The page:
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"War is too serious a matter to entrust to military men."
~ Georges Clemenceau, French premier during World War I.

"In wartime, truth is so precious that she should always be attended by a bodyguard of lies." ~ Winston Churchill

War montage shadow


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Military / war blogs:


 

U.S. war fatalities
in Afghanistan

Month Monthly deaths Cum. deaths
Oct. 2001 3 3
Nov. 2001 5 8
Dec. 2001 4 12
Jan. 2002 10 22
Feb. 2002 12 34
Mar. 2002 9 43
Apr. 2002 4 47
May 2002 1 48
June 2002 3 51
July 2002 0 51
Aug. 2002 1 52
Sept. 2002 0 52
Oct. 2002 5 57
Nov. 2002 2 59
Dec. 2002 1 60
Jan. 2003 4 64
Feb. 2003 7 71
Mar. 2003 11 82
Apr. 2003 2 84
May 2003 1 85
June 2003 3 88
July 2003 1 89
Aug. 2003 4 93
Sept. 2003 2 95
Oct. 2003 3 98
Nov. 2003 6 104
Dec. 2003 1 105
Jan. 2004 9 114
Feb. 2004 2 116
Mar. 2004 3 119
Apr. 2004 3 122
May 2004 8 130
June 2004 5 135
July 2004 2 137
Aug. 2004 3 140
Sept. 2004 4 144
Oct. 2004 5 149
Nov. 2004 7 156
Dec. 2004 1 157
Jan. 2005 2 159
Feb. 2005 1 160
Mar. 2005 6 166
Apr. 2005 18 184
May 2005 4 188
June 2005 27 205
July 2005 2 207
Aug. 2005 15 222
Sept. 2005 11 233
Oct. 2005 7 240
Nov. 2005 3 243
Dec. 2005 3 246
Jan. 2006 1 247
Feb. 2006 17 254
Mar. 2006 10 264
Apr. 2006 1 265
May 2006 11 276
June 2006 18 294
July 2006 9 203
Aug. 2006 10 213
Sept. 2006 6 219
Oct. 2006 10 229
Nov. 2006 7 236
Dec. 2006 1 237
Jan. 2007 0 237
Feb. 2007 14 251
Mar. 2007 5 256
Apr. 2007 8 264
May 2007 11 275
June 2007 12 287
July 2007 14 301
Aug. 2007 17 318
Sept. 2007 9 327
Oct. 2007 10 337
Nov. 2007 11 348
Dec. 2007 6 354
Jan. 2008 7 361
Feb. 2008 1 362
Mar. 2008 8 370
Apr. 2008 5 375
May 2008 17 392
June 2008 28 420
July 2008 20 448
Aug. 2008 22 470
Sept. 2008 27 497
Oct. 2008 16 513
Nov. 2008 1 514
Dec. 2008 3 517
Jan. 2009 15 532
Feb. 2009 15 547
Mar. 2009 13 560
Apr. 2009 6 566
May 2009 12 578
June 2009 25 603
July 2009 45 648
Aug. 2009 51 699
Sept. 2009 40 739
Oct. 2009 59 798
Nov. 2009 18 816
Dec. 2009 18 834
Jan. 2010 30 864
Feb. 2010 31 895
Mar. 2010 26 921
Apr. 2010 20 941
May 2010 34 975
June 2010 60 1035
July 2010 65 1100
Aug. 2010 55 1155
Sept. 2010 42 1197
Oct. 2010 50 1247
Nov. 2010 53 1300
Dec. 2010 33 1333
Jan. 2011 25 1358
Feb. 2011 20 1378
Mar. 2011 31 1409
Apr. 2011 46 1455
May 2011 35 1490
June 2011 47 1537
July 2011 37 1574
Aug. 2011 71 1645
Sept. 2011 42 1687
Oct. 2011 31 1718
Nov. 2011 10 1728
Dec. 2011
*

NOTE: "There have been 533 U.S. combat deaths to date in Operation Enduring Freedom, which includes Afghanistan and other areas." SOURCES: Washington Post, July 2, 2008; Apr. 9, 2009; icasualties.org

August 6, 2020 [LINK / comment]

The 75th anniversary of Hiroshima

75 years ago today, on August 6, 1945, a United States B-29 bomber dropped an atomic bomb on the city of Hiroshima, in the western part of the main Japanese island of Honshu. It instantly killed about 80,000 Japanese people, out of a total population of 280,000, and left many thousands more horribly burned. Estimates of the susequent death toll from radiation sickness vary widely, but it is quite possible that an even greater number died in the years that followed. Three days later, the same thing happened to the city of Nagasaki, on the west coast of the island of Kyushu, killing at least 35,000 people. The first bomb, nicknamed "Little Boy" because of its slim shape, used two big chunks of uranium-235 that were rammed together to create a critical mass necessary for chain-reaction fission to take place. The second bomb, nicknamed "Fat Man," used several smaller chunks of plutonium-239 that were imploded with a sophisticated timing device. No one involved with those missions knew for sure that the bombers would reach their targets, that the bombs would work properly after being dropped, or how much death and destruction they would cause.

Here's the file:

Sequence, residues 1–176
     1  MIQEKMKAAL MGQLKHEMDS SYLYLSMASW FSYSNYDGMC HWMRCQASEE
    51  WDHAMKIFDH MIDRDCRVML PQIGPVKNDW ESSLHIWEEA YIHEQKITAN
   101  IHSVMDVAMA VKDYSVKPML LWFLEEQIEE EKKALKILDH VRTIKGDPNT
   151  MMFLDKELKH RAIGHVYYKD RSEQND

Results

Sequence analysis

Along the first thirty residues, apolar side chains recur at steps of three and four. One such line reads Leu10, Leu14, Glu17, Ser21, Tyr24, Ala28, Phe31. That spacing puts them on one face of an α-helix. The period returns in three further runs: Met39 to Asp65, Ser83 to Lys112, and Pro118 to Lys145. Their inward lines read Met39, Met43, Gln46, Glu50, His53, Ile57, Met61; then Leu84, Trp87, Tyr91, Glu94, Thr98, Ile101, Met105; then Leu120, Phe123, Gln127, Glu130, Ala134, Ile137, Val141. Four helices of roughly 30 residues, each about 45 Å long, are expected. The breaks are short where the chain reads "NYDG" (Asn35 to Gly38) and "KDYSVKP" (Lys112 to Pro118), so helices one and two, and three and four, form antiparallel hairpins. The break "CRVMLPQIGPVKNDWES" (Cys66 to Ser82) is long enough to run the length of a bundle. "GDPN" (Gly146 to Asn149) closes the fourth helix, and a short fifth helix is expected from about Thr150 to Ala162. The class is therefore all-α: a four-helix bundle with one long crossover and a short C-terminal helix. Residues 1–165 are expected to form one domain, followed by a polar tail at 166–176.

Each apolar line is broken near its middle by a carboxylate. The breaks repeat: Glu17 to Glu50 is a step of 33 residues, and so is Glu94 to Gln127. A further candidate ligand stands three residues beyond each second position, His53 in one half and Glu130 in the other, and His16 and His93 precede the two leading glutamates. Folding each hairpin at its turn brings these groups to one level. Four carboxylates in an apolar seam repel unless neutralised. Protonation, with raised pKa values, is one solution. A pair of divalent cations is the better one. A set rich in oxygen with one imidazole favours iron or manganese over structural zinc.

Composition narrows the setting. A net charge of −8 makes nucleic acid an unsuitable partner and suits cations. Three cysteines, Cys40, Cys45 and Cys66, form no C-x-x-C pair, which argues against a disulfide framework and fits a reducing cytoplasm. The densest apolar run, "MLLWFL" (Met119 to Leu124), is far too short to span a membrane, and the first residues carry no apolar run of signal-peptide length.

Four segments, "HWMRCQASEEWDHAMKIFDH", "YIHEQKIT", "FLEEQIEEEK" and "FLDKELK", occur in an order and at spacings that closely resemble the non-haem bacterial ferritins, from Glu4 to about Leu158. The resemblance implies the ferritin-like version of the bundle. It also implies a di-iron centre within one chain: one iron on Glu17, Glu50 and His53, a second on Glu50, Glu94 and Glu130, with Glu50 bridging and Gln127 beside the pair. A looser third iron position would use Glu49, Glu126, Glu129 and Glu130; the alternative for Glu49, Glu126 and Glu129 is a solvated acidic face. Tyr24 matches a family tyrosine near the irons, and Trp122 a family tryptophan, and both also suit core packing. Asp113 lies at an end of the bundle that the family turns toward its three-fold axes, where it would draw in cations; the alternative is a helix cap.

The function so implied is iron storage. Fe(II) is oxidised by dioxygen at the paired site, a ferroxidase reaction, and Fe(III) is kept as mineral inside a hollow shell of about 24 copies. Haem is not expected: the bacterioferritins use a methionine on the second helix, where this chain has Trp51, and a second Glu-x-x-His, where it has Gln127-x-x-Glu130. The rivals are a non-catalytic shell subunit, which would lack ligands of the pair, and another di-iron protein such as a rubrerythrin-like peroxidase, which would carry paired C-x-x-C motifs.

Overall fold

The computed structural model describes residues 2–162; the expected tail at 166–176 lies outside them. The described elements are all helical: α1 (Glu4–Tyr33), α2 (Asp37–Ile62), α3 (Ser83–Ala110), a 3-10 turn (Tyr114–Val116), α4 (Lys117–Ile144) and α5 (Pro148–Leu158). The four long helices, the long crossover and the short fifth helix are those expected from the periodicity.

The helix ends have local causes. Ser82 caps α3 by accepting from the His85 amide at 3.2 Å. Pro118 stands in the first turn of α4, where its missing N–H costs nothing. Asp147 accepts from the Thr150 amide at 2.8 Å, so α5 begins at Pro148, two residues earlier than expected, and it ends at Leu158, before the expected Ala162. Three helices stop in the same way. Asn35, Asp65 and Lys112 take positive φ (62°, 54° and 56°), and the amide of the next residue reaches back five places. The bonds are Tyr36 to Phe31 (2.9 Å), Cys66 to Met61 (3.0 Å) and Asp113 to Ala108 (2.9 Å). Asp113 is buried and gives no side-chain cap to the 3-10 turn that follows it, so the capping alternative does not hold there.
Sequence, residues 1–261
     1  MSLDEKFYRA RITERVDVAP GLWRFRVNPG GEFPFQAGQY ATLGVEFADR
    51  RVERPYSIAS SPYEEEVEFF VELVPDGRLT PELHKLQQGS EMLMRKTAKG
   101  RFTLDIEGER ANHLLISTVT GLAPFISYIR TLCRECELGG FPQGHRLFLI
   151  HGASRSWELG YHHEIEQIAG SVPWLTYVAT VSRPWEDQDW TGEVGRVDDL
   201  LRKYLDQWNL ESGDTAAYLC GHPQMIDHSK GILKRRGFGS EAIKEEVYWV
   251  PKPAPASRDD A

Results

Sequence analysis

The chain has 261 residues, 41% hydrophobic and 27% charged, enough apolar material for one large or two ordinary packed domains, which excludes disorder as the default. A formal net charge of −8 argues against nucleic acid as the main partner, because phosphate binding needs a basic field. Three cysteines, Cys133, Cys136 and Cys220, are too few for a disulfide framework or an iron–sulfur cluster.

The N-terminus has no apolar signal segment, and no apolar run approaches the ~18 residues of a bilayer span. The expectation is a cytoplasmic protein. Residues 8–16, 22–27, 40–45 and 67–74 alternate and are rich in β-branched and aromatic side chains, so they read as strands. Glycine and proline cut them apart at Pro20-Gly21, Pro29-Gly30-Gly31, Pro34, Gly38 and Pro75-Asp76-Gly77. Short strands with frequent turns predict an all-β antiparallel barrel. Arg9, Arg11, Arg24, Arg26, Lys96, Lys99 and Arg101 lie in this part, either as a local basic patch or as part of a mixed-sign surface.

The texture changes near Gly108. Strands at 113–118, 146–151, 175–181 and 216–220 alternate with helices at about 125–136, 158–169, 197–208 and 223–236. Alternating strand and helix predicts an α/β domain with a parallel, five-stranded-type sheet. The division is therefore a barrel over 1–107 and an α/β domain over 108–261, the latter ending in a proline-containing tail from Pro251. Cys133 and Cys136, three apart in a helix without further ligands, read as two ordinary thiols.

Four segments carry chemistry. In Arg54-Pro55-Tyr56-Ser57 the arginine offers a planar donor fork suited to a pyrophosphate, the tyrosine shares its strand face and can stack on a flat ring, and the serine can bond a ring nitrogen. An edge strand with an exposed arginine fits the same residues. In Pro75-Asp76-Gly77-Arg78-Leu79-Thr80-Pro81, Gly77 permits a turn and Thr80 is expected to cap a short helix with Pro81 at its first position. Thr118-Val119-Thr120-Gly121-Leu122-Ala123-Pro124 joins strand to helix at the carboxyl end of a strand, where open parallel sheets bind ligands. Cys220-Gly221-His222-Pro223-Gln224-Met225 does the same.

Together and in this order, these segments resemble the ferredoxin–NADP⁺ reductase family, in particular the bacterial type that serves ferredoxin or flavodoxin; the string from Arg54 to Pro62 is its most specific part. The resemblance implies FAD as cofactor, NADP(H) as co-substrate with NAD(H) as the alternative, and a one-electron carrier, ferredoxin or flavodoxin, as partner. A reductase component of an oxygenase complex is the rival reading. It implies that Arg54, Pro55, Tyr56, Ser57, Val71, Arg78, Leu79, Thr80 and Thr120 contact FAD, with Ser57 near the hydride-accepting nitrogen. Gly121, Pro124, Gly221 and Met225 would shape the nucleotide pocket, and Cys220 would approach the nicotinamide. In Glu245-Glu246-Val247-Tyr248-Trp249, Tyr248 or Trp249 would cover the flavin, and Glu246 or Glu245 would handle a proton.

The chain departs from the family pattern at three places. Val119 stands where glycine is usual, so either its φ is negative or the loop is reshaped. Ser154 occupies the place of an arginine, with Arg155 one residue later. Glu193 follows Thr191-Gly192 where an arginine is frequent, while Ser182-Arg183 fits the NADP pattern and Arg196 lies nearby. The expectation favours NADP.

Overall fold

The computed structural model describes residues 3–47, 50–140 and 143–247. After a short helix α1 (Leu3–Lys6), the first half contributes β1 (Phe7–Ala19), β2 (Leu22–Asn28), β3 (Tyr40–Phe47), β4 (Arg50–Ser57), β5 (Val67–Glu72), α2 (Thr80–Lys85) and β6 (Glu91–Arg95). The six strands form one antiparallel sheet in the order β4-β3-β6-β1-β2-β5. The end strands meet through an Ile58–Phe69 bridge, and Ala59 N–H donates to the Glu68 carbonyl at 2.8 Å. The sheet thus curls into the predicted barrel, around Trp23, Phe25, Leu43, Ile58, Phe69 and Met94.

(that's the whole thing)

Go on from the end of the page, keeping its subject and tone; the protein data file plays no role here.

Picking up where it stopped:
Today's Washington Post had several articles related to the bombing of Hiroshima, including a dramatic narrative of the flight of the B-29, nicknamed "Enola Gay" after the mother of the pilot, Col. Paul Tibbetts. Most of his crew members (12 altogether) did not know the nature of their secret mission until he disclosed it to them as the aircraft was approaching Japan. How would they have reacted if they had been told before the plane took off? This was a new era of warfare, almost beyond comprehension in scope, and the guilt over what some people would consider mass murder might have been too much for some of the men to bear. The article linked above mentions that about 97,000 people had died after U.S. bombers rained incendiary hell over the capital city of Tokyo the previous March, and many thousands died in other cities as well. If the United States sought revenge for the sneak attack on Pearl Harbor, this was going way overboard.

This is an appropriate time to reexamine the decision to develop the atomic bomb, and once the technology was proven in New Mexico on July 16, 1945, to actually use it against Japan. As World War II was unfolding, Albert Einstein wrote a letter to urge President Roosevelt to explore the military uses of nuclear energy, and this is what led to the Manhattan Project. As a German Jewish refugee, Einstein was well aware that Hitler was determined to exploit technology to the utmost, and the later V-1 and V-2 missile programs showed just how adept the Germans were at doing so. Fear of a possible German atomic bomb is what spurred the Americans into their all-out effort to develop the bomb. (One lesson of this is that, if Germany had managed to resist the Allies for a few more months, we might have dropped the first atomic bomb on Berlin or some other German city.) Secret military research bases were built in Oak Ridge, Tennessee, Hanford, Washington, and Los Almamos, New Mexico. Robert Oppenheimer led the scientific research effort, and General Leslie Groves headed the military organization overseeing everything. It was dangerous work, and some of the workers died from radiation poisoning or other things.